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The changing face of kids TV.

When I was little, I used to marvel at my mum and dad's stories of having grown up without television. The thought of a childhood without TV not only seemed alien but also somehow cruel. Children without TV would have been denied playground touchstones like the previous night's Muppet Show re-run, or a shared and somehow memorised-long-into-adulthood knowledge of the Sesame Street theme song. Children's television still works off the same initial idea to inform and entertain. And, as I'm realising while racking up time as babysitter for friends and family, it is also a fantastic distraction for adults.

Too much television is something that has been a fear for parents (and a battle for kids) since the medium was developed. Threats of acquiring 'square eyes' and 'couch potato' status have been passed down like stories of the tooth fairy and the bogeyman, but, over the last few decades, children's television has developed into a huge industry. These days, children's television isn't just scheduled at standard pre- and post-school times, but can be accessed anywhere on demand and via interactive media. Like 'grown-up' television, young audiences aren't content to just wait anymore. And the panic surrounding 'how much is too much' and 'what can and can't be shown and how' has followed us to tablets, smartphones and other post-television spaces.

Locally, the production of much of this sort of television is supported by the Australian Children's Television Foundation (ACTF). Founded in the early 1980s, it receives some financial support from federal and state governments, and is a producer, investor and international distributor of children's television. A major strength of the organisation is that it campaigns for the unique needs of child audiences--audiences who may require more careful delivery of content than the rest of the community. The website keeps a record of submissions the ACTF has made to industry, government and regulatory organisations, including Screen Australia and the Australian Law Reform Commission, that put children's media into perspective. Issues covered include local production, concerns about copyright protection, environmental representation and cross-media convergence. The organisation also brings together new and existing content on platforms like YouTube, with the ACTF's channel designed to 'help [its] audiences re-connect with [its] content, and to find where they can buy or download [its] series'.

Beyond the work of the ACTF, an interesting new development is the suite of on-demand and on-mobile television and interactive shows offered by the ABC. The ABC KIDS website brings together previously separate sites like ABC KIDS iview and various Play School apps like Play Time and Art Maker, while also featuring free access to content tied to international shows like Peppa Pig, Fireman Sam and Pocoyo. The collaboration encourages offline engagement, too, offering games and printable colouring-in pages (children's completed artworks can even be uploaded when they're done). There's also a 'Grown Ups' section that provides information regarding download requirements and further tips for re-creating some of the ideas for play offered on the screen.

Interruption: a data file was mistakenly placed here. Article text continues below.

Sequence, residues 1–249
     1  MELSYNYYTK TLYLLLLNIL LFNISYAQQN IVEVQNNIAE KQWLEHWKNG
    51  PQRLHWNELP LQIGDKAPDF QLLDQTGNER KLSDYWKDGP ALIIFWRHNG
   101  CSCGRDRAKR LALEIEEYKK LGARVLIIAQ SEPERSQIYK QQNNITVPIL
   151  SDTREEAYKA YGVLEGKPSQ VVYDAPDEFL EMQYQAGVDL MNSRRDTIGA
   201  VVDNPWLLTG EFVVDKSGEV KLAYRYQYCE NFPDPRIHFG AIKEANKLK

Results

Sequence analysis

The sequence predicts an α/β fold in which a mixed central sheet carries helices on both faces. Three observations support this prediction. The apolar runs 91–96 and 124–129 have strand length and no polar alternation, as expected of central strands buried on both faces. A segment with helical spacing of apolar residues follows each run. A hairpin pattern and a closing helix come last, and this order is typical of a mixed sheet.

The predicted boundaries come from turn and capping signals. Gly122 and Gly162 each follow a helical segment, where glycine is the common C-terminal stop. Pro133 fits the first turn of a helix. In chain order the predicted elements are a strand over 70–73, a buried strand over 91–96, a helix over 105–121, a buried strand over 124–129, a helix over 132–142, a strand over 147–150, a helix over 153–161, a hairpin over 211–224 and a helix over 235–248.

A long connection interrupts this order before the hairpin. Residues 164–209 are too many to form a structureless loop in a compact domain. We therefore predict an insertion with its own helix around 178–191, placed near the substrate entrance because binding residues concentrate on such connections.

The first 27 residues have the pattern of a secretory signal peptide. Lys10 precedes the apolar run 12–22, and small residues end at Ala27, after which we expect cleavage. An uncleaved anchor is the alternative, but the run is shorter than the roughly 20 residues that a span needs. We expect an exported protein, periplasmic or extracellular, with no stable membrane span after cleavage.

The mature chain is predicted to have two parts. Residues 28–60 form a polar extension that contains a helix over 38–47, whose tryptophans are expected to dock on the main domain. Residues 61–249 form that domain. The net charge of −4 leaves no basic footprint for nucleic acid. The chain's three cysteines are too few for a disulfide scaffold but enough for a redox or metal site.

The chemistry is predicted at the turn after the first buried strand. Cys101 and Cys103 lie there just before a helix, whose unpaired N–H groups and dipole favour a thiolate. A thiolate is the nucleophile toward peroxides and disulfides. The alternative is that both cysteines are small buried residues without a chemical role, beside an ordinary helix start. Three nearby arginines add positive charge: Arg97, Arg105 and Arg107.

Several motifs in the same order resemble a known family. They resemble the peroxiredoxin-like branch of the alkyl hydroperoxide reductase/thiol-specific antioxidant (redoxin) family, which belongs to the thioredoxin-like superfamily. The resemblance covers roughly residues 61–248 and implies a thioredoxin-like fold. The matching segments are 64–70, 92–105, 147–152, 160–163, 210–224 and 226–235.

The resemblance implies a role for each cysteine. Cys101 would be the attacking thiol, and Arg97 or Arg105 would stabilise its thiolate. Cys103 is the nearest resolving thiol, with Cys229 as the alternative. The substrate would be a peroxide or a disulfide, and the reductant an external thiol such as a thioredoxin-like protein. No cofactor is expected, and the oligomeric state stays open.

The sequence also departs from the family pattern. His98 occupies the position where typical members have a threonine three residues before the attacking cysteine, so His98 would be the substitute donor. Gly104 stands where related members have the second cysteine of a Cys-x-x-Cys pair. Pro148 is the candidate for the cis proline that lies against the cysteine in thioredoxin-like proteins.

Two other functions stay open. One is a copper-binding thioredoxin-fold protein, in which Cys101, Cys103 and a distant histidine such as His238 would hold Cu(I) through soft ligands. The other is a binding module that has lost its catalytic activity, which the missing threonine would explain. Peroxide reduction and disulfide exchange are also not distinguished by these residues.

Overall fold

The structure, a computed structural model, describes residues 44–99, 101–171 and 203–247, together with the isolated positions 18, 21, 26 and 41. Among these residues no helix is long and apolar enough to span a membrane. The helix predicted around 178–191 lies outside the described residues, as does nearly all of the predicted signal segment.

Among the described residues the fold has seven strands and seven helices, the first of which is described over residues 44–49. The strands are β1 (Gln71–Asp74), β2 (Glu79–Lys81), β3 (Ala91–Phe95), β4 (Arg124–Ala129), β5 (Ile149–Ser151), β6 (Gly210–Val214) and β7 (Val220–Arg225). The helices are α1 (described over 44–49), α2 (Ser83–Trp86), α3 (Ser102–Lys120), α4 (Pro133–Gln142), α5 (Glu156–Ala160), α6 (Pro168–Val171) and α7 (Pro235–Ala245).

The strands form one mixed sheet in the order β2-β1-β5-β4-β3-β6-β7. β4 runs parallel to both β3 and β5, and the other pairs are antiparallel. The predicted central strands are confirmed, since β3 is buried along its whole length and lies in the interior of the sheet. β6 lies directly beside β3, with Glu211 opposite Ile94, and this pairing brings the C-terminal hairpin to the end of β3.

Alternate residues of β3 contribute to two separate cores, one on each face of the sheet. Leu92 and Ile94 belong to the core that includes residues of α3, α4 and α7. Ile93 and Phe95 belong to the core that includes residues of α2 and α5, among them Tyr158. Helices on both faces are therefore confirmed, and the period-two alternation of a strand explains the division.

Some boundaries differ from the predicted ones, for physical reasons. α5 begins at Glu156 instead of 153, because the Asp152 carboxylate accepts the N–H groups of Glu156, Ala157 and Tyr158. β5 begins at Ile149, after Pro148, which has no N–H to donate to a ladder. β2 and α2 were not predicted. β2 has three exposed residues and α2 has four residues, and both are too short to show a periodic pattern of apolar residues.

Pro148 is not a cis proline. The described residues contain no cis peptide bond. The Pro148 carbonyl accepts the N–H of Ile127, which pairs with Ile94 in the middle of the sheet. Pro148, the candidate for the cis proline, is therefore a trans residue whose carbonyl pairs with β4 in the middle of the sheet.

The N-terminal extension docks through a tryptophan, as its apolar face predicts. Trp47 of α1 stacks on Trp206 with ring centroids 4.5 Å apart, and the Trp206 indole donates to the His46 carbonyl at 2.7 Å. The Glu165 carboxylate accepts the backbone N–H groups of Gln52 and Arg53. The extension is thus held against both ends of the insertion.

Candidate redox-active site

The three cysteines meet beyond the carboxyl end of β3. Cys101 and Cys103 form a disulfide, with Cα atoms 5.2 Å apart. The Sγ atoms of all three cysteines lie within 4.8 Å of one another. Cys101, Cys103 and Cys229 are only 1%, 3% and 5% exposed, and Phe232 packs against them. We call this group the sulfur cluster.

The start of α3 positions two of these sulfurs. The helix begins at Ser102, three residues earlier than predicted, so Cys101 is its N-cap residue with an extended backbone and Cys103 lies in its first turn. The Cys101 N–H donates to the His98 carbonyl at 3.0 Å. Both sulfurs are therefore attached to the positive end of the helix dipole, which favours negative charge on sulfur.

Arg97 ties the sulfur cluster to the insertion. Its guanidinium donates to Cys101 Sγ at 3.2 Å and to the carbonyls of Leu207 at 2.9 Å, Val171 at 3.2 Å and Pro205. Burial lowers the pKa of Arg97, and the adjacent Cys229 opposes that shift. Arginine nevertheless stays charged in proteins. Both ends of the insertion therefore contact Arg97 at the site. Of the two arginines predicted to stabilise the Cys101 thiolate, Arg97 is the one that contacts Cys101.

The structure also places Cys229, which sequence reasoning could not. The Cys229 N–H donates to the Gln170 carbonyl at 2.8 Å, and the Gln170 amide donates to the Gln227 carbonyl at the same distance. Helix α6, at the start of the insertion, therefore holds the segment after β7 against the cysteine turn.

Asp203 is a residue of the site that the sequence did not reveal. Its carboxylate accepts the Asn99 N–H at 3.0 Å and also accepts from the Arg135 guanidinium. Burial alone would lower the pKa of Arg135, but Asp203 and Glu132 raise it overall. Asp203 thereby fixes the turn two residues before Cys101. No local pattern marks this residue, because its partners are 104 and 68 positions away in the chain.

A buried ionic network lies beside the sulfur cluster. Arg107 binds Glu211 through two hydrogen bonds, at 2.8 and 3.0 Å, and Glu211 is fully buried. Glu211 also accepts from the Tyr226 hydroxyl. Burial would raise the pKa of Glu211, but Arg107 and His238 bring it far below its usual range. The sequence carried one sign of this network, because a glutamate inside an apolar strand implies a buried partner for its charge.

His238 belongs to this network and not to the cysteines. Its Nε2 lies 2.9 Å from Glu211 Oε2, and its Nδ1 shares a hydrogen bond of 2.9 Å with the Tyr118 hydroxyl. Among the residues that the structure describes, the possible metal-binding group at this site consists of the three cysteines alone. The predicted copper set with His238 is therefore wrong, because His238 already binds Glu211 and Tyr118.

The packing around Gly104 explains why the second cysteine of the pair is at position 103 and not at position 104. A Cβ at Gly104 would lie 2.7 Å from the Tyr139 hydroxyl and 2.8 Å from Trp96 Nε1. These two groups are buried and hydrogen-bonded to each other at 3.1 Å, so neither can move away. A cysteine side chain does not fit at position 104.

Colouring-in pages and instructions on how to make toys out of household items aren't new. Play School has been exploring that stuff on Australian television for nearly fifty years. What is exciting is how the national broadcaster is continuing to explore ways of delivering content in engaging ways, while also using its traditional format. When Play School's classic 'talk to camera and sing songs with a piano' format was taken over by cabaret writer, performer, comedian, actor and national treasure Eddie Perfect earlier this year, there were more than a few parents and babysitters making a beeline for the television. Perfect embodies an interesting crossover: there's something wonderful about seeing the loveable musical naughty boy from 'grown-up' TV show Offspring singing 'Teddy Bear Twist' with a basic piano accompaniment and a simple Big Ted toy.

These organisations and developments remind us that children's television is not just for children--it's also for the adults who look after them, as well as the adults these children grow up to become. In interviews leading up to his debut on Play School, Perfect talked warmly about how impressed he was that the show still uses the same format he was exposed to during his own childhood, and such nostalgic feelings no doubt have ensured the continued success of this and other shows of its type.

Given that children's television, unlike other forms, actually expects that audiences will move on (unlike, say, dramas or comedies, which might hope that audiences continue to be loyal as they age), there is a delicate balancing act involved. Innovation with forms of address keeps technology-literate little ones switched on, while basic principles of engagement keep them remembering what they've seen.

Tara Judah was the programming and content manager at The Astor Theatre from February 2011 to April 2015.

Daniel Golding is the director of the Freeplay Independent Games Festival, and a lecturer in Media and Communications at Swinburne University of Technology. He is also a freelance arts and video games journalist.

Lauren Carroll Harris is a writer and artist, a PhD candidate at UNSW, and the author of Not at a Cinema Near You: Australia's Film Distribution Problem (Platform Papers, Currency House, 2013).

Dr Liz Giuffre is a lecturer in communication at the University of Technology, Sydney, as well as a freelance arts commentator and journalist.
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Title Annotation:Scope: SCREEN INDUSTRY VIEWS
Author:Giuffre, Liz
Publication:Metro Magazine
Geographic Code:8AUST
Date:Mar 22, 2015
Words:882
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